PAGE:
HMB (beta hydroxy-beta-methylbutyrate) is a metabolite (breakdown product) of leucine, one of the essential branched-chain amino acids.  Biochemical and animal research show that HMB has a role in protein synthesis and might, therefore, improve muscle growth and overall body composition when given as a supplement. However, double-blind human research suggests that HMB may only be effective when combined with an exercise program in people who are not already highly trained athletes. Double-blind trials found no effect of 3 to 6 grams per day of HMB on body weight, body fat, or overall body composition in weight-training football players or other trained athletes.10 , 11 , 12 , 13 , 14 However, one double-blind study found that 3 grams per day of HMB increased the amount of body fat lost by 70-year old adults who were participating in a strength-training program for the first time.15 A double-blind study of young men with no strength-training experience reported greater improvements in muscle mass (but not in percentage body fat) when HMB was used in the amount of 17 mg per pound of body weight per day.16 However, another group of men in the same study given twice as much HMB did not experience any changes in body composition.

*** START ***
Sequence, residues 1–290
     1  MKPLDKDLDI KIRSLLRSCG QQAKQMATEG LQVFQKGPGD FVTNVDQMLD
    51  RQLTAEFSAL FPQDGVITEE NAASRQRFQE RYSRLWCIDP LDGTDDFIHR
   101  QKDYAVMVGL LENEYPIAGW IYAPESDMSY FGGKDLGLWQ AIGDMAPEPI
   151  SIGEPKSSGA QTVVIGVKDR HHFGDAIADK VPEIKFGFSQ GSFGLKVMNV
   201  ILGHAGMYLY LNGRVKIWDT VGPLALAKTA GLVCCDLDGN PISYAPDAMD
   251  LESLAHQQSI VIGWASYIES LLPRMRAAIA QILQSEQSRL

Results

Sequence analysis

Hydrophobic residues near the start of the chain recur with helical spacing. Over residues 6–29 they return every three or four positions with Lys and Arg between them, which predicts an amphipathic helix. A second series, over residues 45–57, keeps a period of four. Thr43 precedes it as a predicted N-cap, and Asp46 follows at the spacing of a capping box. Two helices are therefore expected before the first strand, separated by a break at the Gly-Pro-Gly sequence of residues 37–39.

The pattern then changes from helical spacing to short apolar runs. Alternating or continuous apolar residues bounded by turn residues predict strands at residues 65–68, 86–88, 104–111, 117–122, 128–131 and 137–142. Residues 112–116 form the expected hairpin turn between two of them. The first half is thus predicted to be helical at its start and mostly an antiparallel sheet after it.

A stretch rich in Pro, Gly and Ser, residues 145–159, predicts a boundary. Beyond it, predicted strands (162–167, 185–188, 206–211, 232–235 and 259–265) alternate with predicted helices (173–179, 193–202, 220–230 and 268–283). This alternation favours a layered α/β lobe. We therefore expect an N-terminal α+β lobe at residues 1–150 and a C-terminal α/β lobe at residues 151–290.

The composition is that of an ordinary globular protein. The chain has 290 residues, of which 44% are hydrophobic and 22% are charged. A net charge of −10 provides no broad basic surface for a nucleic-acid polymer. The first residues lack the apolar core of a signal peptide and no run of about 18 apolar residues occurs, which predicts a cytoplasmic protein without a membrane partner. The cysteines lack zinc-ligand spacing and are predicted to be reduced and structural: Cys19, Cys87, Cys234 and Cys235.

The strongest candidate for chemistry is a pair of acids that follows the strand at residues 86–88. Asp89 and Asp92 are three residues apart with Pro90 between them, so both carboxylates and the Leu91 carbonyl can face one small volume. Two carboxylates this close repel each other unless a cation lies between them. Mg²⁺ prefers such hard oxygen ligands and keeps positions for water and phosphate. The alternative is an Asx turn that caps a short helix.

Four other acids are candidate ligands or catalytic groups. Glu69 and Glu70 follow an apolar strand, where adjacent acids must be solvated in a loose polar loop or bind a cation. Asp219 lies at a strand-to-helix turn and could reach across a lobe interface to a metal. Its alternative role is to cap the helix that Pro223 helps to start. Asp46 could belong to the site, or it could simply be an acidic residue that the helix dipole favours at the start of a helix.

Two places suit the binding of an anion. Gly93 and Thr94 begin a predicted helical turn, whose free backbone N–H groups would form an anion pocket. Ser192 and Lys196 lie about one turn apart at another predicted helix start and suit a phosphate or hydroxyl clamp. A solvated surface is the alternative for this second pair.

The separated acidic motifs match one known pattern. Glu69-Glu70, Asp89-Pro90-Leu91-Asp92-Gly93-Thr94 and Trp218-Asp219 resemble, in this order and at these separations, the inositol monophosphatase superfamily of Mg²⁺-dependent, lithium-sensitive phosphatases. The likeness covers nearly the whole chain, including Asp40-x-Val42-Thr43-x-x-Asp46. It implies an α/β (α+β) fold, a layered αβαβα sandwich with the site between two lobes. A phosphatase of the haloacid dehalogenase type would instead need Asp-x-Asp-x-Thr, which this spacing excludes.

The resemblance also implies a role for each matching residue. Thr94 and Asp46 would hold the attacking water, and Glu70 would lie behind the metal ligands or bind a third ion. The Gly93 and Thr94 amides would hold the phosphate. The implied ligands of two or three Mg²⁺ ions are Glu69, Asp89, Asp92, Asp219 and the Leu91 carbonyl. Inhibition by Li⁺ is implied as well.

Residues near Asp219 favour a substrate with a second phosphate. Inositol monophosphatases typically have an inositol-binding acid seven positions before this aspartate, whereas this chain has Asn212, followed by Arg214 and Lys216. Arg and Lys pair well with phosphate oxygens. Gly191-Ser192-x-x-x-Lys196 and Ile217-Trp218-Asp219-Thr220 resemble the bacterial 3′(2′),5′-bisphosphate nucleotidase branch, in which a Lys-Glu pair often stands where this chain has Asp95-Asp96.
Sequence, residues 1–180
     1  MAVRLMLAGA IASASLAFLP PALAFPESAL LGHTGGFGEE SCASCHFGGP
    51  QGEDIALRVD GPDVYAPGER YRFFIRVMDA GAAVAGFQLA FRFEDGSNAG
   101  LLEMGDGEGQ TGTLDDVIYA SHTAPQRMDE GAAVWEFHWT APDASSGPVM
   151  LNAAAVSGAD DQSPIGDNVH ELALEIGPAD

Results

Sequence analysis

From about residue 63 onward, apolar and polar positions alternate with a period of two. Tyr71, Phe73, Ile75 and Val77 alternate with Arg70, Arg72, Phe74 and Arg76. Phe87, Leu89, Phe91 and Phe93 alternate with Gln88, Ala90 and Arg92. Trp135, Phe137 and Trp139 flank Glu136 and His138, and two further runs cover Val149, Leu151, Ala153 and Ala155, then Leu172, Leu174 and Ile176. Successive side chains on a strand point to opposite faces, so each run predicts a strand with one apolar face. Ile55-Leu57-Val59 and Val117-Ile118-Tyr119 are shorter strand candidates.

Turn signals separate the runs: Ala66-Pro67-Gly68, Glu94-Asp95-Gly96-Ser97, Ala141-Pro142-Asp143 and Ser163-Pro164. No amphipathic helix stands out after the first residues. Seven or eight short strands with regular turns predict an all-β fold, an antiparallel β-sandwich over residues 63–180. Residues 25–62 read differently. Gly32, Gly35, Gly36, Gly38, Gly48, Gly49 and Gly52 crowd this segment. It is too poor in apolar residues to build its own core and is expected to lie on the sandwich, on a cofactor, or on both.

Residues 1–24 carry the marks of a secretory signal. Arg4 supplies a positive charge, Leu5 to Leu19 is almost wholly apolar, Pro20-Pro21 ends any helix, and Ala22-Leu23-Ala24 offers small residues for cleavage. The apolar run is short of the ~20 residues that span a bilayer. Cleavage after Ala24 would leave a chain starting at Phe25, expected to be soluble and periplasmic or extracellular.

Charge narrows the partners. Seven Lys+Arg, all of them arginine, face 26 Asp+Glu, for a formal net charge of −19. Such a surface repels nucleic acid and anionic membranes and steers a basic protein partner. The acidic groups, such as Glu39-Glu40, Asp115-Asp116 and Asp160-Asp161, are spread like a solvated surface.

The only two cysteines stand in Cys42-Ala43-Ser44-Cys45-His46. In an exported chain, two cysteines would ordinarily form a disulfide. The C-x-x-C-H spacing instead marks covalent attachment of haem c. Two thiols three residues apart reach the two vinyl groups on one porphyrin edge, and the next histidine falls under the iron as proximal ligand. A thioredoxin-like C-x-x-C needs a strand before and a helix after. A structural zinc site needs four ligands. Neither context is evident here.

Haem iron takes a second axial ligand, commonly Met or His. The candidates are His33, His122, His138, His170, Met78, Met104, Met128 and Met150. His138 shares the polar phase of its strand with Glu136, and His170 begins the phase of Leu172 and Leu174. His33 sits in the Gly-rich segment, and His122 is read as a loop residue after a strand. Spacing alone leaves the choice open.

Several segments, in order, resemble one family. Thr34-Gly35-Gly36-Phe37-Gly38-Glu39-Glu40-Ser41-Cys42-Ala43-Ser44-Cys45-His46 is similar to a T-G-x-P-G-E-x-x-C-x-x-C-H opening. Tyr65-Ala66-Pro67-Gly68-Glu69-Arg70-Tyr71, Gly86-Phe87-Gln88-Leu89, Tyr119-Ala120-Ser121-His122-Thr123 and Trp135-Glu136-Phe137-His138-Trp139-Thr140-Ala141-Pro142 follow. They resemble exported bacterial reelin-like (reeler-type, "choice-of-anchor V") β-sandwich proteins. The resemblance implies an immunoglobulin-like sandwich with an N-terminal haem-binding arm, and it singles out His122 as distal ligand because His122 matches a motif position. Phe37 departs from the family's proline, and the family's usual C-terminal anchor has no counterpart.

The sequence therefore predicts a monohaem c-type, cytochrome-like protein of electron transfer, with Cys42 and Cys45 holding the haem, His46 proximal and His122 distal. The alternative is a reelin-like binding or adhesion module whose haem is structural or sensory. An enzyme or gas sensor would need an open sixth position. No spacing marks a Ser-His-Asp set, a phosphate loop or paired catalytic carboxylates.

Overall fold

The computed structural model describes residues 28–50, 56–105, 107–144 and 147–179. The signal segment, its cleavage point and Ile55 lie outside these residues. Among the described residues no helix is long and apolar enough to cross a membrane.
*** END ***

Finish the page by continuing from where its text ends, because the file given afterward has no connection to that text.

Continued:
How It Works

How to Use It

Most people do not need to use HMB. For those involved in regular exercise who do choose to take this supplement, the research generally uses 3 grams of HMB per day in combination with resistive exercise, such as weight lifting.

Where to Find It